Under pressure from President Trump’s tariffs threat, Mexico reached a deal with the United States on June 7 to step up immigration enforcement and to take in more migrants waiting for their U.S. asylum hearings.
By James Fredrick
The agreement reads: “Given the dramatic increase in migrants moving from Central America through Mexico to the United States, both countries recognize the vital importance of rapidly resolving the humanitarian emergency and security situation. The Governments of the United States and Mexico will work together to immediately implement a durable solution.”
The deal came at a critical time: Families continue to flee Central America by the thousands for a better life in the north. Getting Mexico to take strong action was President Trump’s latest move to reverse this trend.
Here is a look at how it’s going.
What is Mexico doing to ramp up immigration enforcement?
The Mexican government’s main promise was to deploy its National Guard, even if it had not officially been created yet. NPR has seen many members of the new force still wearing army or marine uniforms but with National Guard armbands. About 6,500 guard members are deployed near Mexico’s southern border with Guatemala and another 15,000 are patrolling the northern part of Mexico, on its side of the U.S. border, according to Mexican officials. The National Guard is working, often alongside immigration enforcement agents, to prevent migrants from entering Mexico from Guatemala in the south, and to stop them from leaving to the U.S. in the north.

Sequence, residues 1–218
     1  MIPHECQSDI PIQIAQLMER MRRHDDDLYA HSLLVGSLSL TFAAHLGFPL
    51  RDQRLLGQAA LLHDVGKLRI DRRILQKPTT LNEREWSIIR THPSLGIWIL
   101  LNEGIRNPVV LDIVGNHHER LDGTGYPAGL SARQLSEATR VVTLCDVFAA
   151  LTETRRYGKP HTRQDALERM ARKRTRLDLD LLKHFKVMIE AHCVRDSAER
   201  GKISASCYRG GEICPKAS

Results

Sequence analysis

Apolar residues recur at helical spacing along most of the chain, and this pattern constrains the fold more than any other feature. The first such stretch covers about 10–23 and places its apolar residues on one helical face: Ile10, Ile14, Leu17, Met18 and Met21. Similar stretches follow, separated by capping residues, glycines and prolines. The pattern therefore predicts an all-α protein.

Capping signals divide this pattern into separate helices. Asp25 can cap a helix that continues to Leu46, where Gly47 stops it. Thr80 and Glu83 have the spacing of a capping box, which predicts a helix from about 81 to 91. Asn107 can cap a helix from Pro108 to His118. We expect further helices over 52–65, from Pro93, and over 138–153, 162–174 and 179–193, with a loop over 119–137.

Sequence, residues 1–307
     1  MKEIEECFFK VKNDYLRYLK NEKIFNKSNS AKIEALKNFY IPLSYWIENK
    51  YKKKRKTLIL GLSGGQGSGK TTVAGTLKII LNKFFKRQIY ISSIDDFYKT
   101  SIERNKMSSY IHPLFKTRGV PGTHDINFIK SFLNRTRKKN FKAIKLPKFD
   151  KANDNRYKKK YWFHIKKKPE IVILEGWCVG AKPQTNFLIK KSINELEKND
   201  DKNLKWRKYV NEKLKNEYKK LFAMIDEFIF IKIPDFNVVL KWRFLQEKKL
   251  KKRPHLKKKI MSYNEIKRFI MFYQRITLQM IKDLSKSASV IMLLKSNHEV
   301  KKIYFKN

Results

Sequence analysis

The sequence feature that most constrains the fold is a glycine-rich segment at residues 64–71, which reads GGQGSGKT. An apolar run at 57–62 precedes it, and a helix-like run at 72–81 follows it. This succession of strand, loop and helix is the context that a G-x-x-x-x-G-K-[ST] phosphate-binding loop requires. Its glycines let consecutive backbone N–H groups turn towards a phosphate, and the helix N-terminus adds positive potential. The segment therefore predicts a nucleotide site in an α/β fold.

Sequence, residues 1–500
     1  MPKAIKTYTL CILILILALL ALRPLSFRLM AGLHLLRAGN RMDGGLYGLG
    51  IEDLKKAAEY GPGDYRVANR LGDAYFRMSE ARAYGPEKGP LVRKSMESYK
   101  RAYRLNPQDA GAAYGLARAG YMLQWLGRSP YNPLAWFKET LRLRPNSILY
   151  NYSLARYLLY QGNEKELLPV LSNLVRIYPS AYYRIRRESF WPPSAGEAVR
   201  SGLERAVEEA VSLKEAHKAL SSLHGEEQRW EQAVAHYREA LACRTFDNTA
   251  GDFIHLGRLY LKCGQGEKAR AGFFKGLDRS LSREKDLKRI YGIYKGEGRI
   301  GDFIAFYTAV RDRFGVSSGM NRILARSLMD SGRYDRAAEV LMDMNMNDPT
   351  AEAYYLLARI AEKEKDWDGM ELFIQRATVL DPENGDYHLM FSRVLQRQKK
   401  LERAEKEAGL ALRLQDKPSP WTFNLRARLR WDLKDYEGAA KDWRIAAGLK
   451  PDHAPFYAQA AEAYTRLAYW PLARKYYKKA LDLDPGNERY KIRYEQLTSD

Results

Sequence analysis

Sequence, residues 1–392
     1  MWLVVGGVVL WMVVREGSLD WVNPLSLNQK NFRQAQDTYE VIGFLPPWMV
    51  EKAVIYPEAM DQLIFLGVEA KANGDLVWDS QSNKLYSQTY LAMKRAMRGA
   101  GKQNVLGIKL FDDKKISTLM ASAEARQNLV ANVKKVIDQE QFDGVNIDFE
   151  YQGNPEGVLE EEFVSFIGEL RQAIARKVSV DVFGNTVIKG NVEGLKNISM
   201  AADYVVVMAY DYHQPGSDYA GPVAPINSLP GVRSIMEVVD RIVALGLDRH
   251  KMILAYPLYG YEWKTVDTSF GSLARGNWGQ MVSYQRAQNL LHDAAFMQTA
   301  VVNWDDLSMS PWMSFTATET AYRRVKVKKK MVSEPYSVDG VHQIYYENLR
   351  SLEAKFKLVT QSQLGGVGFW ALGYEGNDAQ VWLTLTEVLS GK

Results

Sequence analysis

Mexico’s immigration agency added more checkpoints on highways in the south, where they search buses and cars for undocumented migrants. Officials have stepped up raids of a freight train people call La Bestia, or The Beast — long known as a quick and free, but risky, way for migrants to travel north. Several bus companies in the country now require immigration documents to purchase a ticket.